• Reconnaissance behaviors, which point to attackers mapping out manufacturing networks in order to identify critical assets. “In manufacturing, huge amounts of data are moved out of the network all the time, making real world data easy to get int eh netweork and move around the network,” Morales said.
  • Lateral movement , indicating that attacks are proliferating inside the network. “There is twice the amount of lateral movement in manufacturing compared to what we normally see, affecting specifically machine to machine traffic, which is the bread and butter of the industrial internet,” Morales explained. “Once a hacker gets into the network, they can pivot and propagate across the network.”

Image courtesy: Accenture

Image courtesy: Accenture

Today, most organizations are under-informed security. According to the recently-released Accenture Cyber Threatscape Report 2018, 71% of organizations are still growing and expanding their knowledge of cyberattacks, hacktivist activities, cyber espionage, and other cyber threats. The same percentage of chief information security officers (CISOs) surveyed in the company’s 2018 State of Cyber Resilience Report released in April, said that cyber security is a “bit of a black box; we do not quite know how or when they will affect our organization.”

Manufacturing finds itself in a bind when it comes to implementing cyber security. “Adoption of technology on manufacturing production floors is faster than the IT team and security teams can keep with and understand what’s happening,” said Morales. Further, the aim of most supply chain applications is to share information readily—an effort that is directly in conflict with the goal of security applications. “Plant managers are telling me that they can’t implement really strict access controls,” Morales added. “They won’t do basics, like patching the machines, because they don’t want to take a chance that the patch will break the system. It creates a huge attack surface.”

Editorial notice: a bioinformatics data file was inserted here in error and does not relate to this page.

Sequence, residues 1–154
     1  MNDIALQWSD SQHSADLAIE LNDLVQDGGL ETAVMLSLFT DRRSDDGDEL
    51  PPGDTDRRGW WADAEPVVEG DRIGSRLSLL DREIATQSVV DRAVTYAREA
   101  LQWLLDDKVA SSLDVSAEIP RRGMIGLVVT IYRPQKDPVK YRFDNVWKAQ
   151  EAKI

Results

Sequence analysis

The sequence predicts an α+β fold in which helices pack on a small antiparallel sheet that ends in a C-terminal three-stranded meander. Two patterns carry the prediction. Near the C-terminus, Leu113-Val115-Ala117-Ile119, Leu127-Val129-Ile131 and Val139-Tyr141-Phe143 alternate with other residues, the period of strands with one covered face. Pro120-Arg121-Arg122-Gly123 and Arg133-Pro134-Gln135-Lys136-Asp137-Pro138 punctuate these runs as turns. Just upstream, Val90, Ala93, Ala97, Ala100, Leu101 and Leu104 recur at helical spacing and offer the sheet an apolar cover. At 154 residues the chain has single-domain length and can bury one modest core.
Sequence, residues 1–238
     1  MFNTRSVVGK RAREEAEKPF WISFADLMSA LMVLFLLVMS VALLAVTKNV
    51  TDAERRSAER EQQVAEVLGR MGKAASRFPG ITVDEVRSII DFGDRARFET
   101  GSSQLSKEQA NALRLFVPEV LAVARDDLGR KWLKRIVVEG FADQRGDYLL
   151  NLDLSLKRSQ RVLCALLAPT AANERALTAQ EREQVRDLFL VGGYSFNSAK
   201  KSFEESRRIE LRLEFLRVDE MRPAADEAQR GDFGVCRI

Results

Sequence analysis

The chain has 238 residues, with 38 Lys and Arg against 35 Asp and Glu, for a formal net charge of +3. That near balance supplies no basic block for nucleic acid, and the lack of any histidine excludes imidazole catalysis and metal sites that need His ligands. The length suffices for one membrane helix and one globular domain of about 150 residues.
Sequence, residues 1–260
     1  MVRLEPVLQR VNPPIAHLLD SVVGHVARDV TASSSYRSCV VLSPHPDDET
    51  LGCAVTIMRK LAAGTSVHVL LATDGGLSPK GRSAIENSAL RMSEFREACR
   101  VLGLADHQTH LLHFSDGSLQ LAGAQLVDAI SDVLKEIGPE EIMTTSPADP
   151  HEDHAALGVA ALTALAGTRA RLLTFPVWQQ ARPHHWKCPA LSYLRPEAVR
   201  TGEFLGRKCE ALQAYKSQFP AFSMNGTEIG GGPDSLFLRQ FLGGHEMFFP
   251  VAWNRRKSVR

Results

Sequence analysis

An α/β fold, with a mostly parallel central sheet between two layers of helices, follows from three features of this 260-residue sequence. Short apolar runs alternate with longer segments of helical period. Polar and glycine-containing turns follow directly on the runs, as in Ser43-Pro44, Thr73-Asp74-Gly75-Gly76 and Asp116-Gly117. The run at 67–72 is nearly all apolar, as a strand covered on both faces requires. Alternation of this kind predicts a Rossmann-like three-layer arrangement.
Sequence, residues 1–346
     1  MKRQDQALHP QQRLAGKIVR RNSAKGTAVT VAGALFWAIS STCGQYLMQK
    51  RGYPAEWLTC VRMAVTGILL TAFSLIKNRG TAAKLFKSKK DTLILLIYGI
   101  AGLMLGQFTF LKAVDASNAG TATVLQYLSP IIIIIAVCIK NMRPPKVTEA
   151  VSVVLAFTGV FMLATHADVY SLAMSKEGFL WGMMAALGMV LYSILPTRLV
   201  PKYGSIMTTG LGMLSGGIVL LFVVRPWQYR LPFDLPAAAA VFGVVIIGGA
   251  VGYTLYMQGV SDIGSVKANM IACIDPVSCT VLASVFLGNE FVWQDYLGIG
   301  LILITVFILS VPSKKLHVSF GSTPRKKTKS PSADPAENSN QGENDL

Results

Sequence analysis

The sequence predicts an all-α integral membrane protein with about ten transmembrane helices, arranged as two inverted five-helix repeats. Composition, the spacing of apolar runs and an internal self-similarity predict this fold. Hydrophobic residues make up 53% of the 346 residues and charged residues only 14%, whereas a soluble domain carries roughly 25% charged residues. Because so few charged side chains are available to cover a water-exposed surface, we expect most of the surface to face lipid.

Further, the close integration that makes the supply chain flourish increases risk. “This past year has demonstrated that attackers are increasingly going after the organization’s weak spot – their suppliers – as an easier way to get into an organization,” said Matan Or-El, Co-founder and CEO of Panorays.  “While evaluating the security risk emanating from a supplier, it’s important to understand the business and technological relationship between the supplier and the organizations. These relationships will not only define the level of risk, but will also help in understanding how to mitigate risk. 

Harder still, most organizations only have manual security audits in place. “Today, it’s a very manual process of sketching out the security posture of suppliers, usually by a questionnaire or survey with 40 to 800 questions,” Or-E said, adding that it might cover elements ranging from physical security to firewall set up and password complexity. “It can take five to six months to on-board a supplier.”

— Hailey Lynne McKeefry, Editor in Chief, EBN Circle me on Google+ Follow me on Twitter Visit my LinkedIn page Friend me on Facebook

1 comment on “Supply Chain & Cybersecurity: Hackers Take Aim

  1. robertgeraci
    August 28, 2018

    I Agree For Your Blog. I know you Are right.